500 Rails $49.00 - 27 Fowls $4.75 53.75
60 lbs of Hogs fat at 12c per lb $7.20 - 14 lbs butter at 20c $2.80 10.00
1 Churn $2.00 - Candles $1.25 - soap greese 50 3.75
Rye meal, Butter sugar & sassagues $1.00 - sundry small stores 50c 1.50
4 Gallons Molasses $1.36 - 1 keg of pickles & meal barrel 75c 2.11
1 Round Maple Table $1.00 - 12 large & 6 small tin plates $4.30 5.30
12 Large & 6 small tin Cups $2.70 - 3 tin milk pans 3.12
1 tin Coffee pot, 25c - 1 tin sause pan, 17c - 1 Iren pot & ladle $1.00 1.42
17 knives, 18 forks and 18 spoons $3.87 - 1 sythe at $1.00 4.87
3 Bags 75c - 1 Pounding barrel 5Oc - 1 Cider barrel .33 1.58
1 Water pail 37c - 1 Feather bed, Coverlet & Qilt $12. 12.37
1 Iren Pot 75c - stove & pipe $4.82 5.57
Boards 10, 60 - hooks & Clasp 25c 10.85
 597.97
Articles that came with the poor from the Town House:
1 large wheel - 1 trunk five Chests 1 old case of Drawers - 1 Bake Ketle - 1 Cradle, 7 Bedsteads, 7 cords, 2 straw beds - 5 feather beds, 2 old Blankets, 1 old Coverlet, 1 Comforter, 1 tin plate, Stove, 2 armed Chairs &five; other Chairs . 1 Blanket, 1 rug, 1 quilt, 1 Bolster & pillows, 1 Blanket quilt - 1 bolster, 2 large & 3 other Chairs, 1 bolster, 2 pillows - 2 Blankets, 1 flannel sheat, 1 Coverlet, 1 linen wheel - 1 Tea table, 1 small pot, 1 skillet, 1 Bake kettle, 2 Tea kettles, 2 pair of Andirens, 1 small dish kettle - 3 washing Tubs and 1 pail.

Articles of Clothing furnished the poor by the Commissioners:
Caleb Fish - 1 pair of new stockings, 1 pair footed.45
Benjamin Brownell-. 2 new shirts, 3 pair of trowsers, 1 jakcet & vest, 1 handkerchief; 2 pair of new stockings, 1 pair footed 6.00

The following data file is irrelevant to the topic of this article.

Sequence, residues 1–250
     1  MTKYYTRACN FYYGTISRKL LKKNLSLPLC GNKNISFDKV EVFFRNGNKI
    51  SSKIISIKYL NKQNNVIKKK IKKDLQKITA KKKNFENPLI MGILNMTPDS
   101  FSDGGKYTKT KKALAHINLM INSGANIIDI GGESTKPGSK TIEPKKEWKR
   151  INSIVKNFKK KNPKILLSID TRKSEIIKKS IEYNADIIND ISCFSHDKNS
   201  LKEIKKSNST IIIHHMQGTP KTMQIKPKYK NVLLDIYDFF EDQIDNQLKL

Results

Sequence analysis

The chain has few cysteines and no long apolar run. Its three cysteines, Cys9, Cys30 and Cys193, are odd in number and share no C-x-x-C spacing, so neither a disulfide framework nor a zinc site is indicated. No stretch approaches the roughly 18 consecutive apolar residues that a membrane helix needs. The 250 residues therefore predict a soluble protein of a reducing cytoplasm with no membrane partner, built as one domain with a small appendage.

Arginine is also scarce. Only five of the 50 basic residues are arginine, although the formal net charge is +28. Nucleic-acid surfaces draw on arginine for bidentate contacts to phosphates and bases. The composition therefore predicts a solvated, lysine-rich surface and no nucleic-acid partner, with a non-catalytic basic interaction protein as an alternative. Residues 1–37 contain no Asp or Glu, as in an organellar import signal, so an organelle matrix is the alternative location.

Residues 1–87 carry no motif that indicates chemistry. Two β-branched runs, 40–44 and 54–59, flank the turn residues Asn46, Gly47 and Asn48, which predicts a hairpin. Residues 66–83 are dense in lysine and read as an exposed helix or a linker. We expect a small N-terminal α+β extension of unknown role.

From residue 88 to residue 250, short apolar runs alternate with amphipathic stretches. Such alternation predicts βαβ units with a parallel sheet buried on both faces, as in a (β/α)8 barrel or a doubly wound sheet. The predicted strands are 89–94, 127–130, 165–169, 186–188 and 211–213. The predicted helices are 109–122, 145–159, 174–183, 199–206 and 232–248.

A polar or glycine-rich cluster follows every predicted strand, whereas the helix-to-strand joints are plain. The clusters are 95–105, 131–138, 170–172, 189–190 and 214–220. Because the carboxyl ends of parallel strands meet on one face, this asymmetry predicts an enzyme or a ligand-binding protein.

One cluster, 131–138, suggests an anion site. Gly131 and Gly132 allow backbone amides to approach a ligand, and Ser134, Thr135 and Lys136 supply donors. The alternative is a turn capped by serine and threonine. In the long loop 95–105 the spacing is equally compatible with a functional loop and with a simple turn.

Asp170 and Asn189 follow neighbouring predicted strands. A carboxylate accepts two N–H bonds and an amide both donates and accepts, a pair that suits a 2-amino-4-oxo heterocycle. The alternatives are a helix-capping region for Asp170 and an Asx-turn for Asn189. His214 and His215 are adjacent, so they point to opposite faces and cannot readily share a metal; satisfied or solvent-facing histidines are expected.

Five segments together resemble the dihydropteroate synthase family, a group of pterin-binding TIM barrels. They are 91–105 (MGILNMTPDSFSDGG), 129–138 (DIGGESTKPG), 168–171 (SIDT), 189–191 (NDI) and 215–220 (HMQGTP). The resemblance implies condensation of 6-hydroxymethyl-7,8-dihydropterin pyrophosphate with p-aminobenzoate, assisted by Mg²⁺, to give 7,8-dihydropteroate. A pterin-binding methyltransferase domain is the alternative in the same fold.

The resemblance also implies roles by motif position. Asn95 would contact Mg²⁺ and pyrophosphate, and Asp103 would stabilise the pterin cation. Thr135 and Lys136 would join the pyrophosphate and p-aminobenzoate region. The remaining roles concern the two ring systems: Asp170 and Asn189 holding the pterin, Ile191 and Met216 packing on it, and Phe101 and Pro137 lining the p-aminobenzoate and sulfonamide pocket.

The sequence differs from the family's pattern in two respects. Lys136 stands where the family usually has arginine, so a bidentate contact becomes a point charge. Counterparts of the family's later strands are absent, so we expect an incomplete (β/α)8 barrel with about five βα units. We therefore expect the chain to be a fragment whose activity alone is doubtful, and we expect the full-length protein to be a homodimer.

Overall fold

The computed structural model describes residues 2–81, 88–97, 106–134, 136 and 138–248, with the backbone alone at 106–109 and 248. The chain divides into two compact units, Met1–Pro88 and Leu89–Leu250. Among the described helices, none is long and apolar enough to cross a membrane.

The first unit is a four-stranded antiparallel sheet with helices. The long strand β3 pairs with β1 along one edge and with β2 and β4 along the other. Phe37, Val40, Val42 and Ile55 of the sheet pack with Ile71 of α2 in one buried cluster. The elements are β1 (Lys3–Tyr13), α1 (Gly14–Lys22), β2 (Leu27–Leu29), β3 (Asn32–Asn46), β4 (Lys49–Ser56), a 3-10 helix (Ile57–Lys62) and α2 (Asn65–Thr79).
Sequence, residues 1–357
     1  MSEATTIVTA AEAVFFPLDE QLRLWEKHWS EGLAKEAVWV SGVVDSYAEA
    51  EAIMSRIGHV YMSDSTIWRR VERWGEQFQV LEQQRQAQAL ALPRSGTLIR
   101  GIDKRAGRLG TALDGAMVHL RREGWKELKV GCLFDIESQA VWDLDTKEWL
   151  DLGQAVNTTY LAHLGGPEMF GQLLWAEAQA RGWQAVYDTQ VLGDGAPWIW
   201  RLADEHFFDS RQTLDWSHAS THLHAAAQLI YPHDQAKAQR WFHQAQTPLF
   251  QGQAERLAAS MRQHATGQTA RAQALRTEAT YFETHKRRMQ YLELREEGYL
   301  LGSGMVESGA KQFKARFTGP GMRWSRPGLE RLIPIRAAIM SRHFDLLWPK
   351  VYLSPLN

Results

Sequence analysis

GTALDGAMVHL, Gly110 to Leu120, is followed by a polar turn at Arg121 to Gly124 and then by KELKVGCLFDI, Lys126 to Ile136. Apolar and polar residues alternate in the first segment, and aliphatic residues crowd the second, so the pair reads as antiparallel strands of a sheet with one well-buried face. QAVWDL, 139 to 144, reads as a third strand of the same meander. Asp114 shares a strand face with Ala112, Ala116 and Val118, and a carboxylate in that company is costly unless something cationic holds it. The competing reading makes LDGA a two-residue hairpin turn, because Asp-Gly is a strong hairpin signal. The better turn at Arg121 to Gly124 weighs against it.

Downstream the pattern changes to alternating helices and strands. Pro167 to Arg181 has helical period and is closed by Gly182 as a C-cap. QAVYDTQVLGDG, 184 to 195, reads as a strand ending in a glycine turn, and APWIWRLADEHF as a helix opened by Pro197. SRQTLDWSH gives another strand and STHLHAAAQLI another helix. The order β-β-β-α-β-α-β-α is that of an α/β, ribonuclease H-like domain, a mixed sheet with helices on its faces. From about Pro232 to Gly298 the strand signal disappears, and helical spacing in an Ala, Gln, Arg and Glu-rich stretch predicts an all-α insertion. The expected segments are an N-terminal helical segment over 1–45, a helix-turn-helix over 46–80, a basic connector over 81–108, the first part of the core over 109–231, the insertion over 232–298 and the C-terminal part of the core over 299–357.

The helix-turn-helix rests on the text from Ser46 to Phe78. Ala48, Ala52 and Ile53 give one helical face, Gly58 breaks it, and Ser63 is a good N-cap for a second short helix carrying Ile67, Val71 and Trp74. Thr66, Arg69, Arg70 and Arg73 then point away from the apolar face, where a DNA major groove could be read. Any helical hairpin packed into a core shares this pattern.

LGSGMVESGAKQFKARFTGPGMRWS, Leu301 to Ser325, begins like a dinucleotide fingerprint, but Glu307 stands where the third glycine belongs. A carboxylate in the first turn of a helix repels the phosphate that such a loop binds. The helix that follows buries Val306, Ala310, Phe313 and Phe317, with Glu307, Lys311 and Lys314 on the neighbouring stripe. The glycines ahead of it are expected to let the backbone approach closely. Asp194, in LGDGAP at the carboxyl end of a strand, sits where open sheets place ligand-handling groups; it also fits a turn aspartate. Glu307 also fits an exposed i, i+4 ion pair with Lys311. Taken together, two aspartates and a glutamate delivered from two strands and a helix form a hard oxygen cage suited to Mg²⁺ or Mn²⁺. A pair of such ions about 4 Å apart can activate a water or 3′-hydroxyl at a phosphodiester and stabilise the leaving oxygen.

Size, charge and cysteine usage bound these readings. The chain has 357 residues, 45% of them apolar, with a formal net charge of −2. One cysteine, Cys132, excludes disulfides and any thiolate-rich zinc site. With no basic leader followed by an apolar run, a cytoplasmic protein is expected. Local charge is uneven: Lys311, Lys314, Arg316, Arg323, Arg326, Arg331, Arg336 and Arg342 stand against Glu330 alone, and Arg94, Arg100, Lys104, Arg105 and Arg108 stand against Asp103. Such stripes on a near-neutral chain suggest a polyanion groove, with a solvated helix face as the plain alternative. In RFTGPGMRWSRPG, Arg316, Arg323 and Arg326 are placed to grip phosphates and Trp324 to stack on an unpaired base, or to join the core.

Joseph Fish ~3 shirts, 3 pair of trowsers, 2 pair of stockings, 1 jacket, 1 vest, 1 handkerchief; 1 pair shoes6.00
Phebe Slocum - 3 yards of flanel1.00
Hannah Slocum - 5 yards of cotton cloth, 1 handkerchief 1 pair of stockings, 2 pair footed, 1 Apron1.20
Lydia Lawton - 5 yards cotten, 2 pair stockings, 1 handkerchief 1.00
Martha Tew - 1 Cotton gownd, 3 yds flanel, 2 pair stockings, 1 pair shoes3.00
Elizabeth Irish - 5 yds cotton, 1 gingham gownd, 2 short gownds, 2 pair stockings, 1 pair shoes 3.50
Nancy Irish - 2 shirts, 1 gownd, 1 handkerchief 1 pair shoes 2.50
Mary Slocum - 2 shirts, 1 gown& 2 aprons, 1 pair stoc&ngs;, 1 pair footed, 1 pair shoes 1.50
Bedding: 1 flanel & 2 Cotton Comforters, 3 under-beds, 8 sheets, 6 pillow cases, 2 bolster cases, 1 cotton & 1 flanel blanket, 5 Chambers 12.00
 $31.65
 597.97
 Total 629.62

Stephen B. Cornell
Richard Sherman Jr. Appraisers
Inventory of Goods and stock
at the Portsmouth Assylum

Raytheon Site Early In Construction During 1959
� 2000, Raytheon Company


Trees Company
� 2000, W. Saslow


Midday's Walk
� 2000, W. Saslow

1900 To Present
A 1921 map shows the Town Farm and outbuildings near what would become the waste treatment plant. The remainder of the western woodland was owned by A. Decosta. On 11 October 1926, the Town Farm was leased to the public. In 1959, Raytheon purchased the land where the Western Woodland now stands.
[Introduction] [1636-1799] [1800-1899] [1900 To Present]